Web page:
Thus, it is desirable to find alternative techniques useful for examining binding interactions that bypass the use of labels and avoid surface binding effects while maintaining high sensitivity.

DETAILED DESCRIPTION

It is to be understood that the following detailed description are exemplary and explanatory only and are not restrictive of this disclosure. In this disclosure, the use of the singular includes the plural unless specifically stated otherwise. Also, the use of “or” means “and/or” unless stated otherwise. Similarly, “comprise,” “comprises,” “comprising” “include,” “includes,” and “including” are interchangeable and not intended to be limiting.

It is to be further understood that where descriptions of various embodiments use the term “comprising,” those skilled in the art would understand that in some specific instances, an embodiment can be alternatively described using language “consisting essentially of” or “consisting of.”

The section headings used herein are for organizational purposes only and not to be construed as limiting the subject matter described.

3.1 Binding Interactions and Methods for Analysis of Binding Interactions

The present disclosure provides methods of analyzing binding interactions between at least two components in solution. The methods herein are based on the ability to detect and distinguish the various components in a binding mixture by passing the mixture through a detection region and quantitating the various unbound and bound forms present in the mixture. In the embodiments herein, the detection region is part of a pore or channel through which the interacting components are translocated. Based on differences in the detectable properties of the unbound and bound components, the number of binding components bound per number of receptor component can be determined. This measurement provides sufficient information to assess the various parameters of a binding interaction, such as equilibrium binding constants, association and dissociation rates, as well as interaction between multiple sites on the receptor component. Because the binding interactions are carried out in solution rather than on a surface, the methods avoid the complications associated with binding reactions carried out on a surface.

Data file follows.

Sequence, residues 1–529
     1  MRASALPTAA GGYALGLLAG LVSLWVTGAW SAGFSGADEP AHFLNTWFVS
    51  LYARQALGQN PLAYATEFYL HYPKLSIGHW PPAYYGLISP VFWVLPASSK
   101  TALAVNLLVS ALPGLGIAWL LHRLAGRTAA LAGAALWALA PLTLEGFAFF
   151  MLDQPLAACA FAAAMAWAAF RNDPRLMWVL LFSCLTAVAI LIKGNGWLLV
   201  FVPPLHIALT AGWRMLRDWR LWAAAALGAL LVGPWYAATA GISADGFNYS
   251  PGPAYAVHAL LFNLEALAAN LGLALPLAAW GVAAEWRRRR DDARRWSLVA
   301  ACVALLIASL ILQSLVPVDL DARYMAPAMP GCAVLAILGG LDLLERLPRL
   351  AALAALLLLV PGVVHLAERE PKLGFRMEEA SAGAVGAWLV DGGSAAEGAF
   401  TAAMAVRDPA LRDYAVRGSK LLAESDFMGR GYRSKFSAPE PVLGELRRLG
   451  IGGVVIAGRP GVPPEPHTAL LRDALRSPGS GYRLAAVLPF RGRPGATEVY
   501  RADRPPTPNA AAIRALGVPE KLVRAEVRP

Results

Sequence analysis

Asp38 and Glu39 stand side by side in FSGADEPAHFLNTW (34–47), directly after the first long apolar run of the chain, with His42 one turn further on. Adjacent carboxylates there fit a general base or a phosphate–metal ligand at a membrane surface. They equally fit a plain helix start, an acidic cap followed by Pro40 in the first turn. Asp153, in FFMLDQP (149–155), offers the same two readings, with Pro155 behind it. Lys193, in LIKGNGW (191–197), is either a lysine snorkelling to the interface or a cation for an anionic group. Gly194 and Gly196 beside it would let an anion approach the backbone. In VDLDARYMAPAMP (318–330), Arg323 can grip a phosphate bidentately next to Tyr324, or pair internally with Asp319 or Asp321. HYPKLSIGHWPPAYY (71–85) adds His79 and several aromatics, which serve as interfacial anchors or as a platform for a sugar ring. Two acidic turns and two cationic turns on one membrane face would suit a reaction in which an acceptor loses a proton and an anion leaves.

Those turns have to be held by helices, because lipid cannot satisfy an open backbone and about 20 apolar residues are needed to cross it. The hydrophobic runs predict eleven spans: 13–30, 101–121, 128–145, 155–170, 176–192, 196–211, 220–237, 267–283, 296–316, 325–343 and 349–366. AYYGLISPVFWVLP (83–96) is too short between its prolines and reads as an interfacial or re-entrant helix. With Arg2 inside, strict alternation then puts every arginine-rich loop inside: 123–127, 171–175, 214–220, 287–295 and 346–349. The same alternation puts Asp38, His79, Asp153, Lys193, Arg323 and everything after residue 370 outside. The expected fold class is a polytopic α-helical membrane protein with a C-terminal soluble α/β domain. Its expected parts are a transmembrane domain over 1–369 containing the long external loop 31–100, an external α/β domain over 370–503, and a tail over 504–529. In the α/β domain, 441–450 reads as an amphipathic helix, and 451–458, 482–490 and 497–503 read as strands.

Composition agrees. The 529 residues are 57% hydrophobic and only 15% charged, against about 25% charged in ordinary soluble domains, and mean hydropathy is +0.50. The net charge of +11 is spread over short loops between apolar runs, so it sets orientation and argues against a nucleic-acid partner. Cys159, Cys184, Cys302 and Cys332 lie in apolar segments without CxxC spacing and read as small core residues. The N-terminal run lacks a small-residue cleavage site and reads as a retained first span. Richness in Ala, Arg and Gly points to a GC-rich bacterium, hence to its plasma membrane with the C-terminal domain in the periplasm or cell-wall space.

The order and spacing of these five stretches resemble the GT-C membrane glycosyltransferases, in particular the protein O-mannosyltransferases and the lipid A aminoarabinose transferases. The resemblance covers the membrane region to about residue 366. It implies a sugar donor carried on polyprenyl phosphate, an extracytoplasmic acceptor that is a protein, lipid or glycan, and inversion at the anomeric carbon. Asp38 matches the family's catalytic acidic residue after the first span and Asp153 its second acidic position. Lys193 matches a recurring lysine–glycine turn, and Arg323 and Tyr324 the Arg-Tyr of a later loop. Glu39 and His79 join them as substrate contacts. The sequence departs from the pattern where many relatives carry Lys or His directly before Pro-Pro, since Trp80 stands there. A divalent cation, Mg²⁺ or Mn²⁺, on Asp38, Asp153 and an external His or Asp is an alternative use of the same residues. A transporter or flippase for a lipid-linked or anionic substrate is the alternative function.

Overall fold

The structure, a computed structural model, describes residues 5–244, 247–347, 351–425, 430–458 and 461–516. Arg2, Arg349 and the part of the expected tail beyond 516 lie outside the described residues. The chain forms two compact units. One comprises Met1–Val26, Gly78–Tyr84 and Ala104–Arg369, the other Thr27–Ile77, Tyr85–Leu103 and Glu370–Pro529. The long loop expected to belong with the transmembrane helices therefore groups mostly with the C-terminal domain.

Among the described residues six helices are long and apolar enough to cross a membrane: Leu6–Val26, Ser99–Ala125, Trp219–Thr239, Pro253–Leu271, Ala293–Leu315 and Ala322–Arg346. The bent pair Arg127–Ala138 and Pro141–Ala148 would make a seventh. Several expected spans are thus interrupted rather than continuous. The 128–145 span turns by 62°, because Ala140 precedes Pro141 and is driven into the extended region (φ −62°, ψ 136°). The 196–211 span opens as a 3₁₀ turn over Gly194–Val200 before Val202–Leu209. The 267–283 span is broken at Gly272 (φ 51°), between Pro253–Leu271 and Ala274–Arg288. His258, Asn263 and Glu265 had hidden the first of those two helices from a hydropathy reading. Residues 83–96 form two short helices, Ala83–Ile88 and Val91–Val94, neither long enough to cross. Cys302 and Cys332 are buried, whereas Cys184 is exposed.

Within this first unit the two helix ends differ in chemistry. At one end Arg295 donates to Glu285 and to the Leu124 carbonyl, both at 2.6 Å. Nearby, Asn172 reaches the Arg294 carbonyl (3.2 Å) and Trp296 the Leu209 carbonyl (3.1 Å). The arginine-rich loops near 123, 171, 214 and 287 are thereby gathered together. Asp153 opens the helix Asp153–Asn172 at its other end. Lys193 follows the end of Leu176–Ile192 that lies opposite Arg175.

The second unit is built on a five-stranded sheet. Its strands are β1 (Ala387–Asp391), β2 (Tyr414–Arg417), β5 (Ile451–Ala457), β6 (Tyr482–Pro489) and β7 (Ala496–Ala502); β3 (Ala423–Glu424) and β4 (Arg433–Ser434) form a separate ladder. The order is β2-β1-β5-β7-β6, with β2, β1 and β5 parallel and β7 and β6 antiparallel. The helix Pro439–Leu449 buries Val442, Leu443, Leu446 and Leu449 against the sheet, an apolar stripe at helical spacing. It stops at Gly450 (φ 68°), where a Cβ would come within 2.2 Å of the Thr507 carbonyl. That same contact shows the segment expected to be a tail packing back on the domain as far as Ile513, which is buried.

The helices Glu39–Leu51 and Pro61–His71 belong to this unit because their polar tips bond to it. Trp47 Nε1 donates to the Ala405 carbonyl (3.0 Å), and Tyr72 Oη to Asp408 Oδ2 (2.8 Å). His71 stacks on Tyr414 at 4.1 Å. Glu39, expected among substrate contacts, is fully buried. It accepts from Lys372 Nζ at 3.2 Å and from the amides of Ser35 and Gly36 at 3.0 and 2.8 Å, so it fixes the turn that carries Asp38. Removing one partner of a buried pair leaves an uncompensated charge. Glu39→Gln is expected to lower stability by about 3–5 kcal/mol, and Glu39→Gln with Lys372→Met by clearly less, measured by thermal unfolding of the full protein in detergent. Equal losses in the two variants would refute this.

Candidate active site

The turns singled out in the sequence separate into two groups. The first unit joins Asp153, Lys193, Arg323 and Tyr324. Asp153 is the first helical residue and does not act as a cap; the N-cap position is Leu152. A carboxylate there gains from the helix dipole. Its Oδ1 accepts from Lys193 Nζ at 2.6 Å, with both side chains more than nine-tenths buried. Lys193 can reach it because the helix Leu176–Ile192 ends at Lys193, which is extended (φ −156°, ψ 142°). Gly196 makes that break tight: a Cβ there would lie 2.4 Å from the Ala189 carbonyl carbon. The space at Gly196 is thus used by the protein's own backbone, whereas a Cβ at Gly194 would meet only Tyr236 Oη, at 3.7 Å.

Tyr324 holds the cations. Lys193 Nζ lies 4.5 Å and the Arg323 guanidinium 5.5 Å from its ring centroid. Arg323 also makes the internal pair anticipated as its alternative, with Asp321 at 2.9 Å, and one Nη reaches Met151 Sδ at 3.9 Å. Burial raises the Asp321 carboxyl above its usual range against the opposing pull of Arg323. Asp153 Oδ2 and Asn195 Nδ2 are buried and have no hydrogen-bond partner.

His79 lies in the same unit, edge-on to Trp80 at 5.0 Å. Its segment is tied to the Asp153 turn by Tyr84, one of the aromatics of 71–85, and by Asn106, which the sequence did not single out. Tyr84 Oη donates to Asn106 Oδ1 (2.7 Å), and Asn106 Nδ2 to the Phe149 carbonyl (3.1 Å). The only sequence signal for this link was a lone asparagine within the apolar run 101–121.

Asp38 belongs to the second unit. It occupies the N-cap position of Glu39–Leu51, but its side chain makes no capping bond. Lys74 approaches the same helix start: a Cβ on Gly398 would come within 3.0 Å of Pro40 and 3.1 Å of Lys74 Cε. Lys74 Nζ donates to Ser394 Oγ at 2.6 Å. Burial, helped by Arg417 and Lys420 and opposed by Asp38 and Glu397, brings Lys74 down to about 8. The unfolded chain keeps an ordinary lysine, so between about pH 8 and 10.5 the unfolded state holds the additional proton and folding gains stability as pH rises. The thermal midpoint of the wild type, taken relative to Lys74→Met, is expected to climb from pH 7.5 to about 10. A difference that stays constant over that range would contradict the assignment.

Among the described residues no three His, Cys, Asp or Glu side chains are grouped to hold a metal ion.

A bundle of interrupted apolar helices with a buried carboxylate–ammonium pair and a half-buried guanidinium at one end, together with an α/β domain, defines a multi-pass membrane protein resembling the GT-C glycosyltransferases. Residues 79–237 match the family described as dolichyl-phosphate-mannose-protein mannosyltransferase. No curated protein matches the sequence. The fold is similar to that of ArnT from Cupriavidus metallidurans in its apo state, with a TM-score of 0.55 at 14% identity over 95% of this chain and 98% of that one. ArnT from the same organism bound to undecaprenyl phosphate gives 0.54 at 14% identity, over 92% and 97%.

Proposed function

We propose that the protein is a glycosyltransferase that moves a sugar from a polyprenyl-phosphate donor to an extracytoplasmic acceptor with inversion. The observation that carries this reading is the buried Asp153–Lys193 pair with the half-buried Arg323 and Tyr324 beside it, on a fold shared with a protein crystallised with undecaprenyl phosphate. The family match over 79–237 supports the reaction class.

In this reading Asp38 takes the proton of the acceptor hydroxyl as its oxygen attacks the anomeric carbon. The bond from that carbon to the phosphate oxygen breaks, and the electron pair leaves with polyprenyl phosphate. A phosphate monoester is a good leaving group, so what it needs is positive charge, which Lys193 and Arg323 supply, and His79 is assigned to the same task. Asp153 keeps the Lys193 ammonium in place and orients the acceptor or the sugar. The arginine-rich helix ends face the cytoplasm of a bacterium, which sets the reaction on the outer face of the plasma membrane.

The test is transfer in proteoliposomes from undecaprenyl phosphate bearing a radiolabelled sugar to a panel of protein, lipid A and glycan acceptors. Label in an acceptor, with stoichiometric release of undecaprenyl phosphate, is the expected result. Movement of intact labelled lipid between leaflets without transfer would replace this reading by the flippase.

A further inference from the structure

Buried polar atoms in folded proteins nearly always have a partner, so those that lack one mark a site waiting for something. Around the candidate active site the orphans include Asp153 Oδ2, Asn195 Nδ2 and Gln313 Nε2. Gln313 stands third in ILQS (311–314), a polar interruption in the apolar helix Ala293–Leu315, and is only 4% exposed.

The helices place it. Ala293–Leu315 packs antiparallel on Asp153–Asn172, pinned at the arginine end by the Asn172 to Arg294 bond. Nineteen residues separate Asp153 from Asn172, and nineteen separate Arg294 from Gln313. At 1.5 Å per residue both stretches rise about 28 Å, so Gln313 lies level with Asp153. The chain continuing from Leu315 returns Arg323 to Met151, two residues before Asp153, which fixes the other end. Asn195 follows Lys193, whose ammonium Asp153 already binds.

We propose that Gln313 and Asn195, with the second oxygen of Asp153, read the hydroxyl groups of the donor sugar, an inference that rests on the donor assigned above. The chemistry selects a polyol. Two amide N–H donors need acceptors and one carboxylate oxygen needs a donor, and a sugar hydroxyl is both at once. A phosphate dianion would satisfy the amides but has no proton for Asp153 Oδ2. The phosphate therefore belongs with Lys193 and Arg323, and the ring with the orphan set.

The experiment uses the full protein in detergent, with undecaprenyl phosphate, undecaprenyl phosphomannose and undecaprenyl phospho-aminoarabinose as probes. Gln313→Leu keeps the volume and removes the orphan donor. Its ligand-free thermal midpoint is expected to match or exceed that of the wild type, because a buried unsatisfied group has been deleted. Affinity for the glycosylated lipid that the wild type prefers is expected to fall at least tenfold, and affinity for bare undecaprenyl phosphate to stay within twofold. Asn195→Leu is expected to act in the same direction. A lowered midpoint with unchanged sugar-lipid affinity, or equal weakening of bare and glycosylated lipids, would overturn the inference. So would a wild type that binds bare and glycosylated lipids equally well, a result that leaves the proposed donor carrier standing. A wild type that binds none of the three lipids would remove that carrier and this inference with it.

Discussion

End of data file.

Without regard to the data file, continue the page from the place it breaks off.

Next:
Generally, the method of analyzing binding interactions comprises contacting one or more binding components and a receptor component in solution, wherein unbound and any bound components are capable of being translocated through a pore. After forming the mixture, the components in the mixture are translocated through a suitably sized pore and detected using a suitable detection technique, as further described below. In various embodiments, the pore comprises a detection region for detecting components translocated through the pore. Different components in the mixture can be quantitated if the detected signal pattern associated with each component is distinguishable from the signal patterns observed for other components in the binding mixture. Various parameters reflecting the binding interactions can be assessed by determining the number of binding component bound per number of receptor component.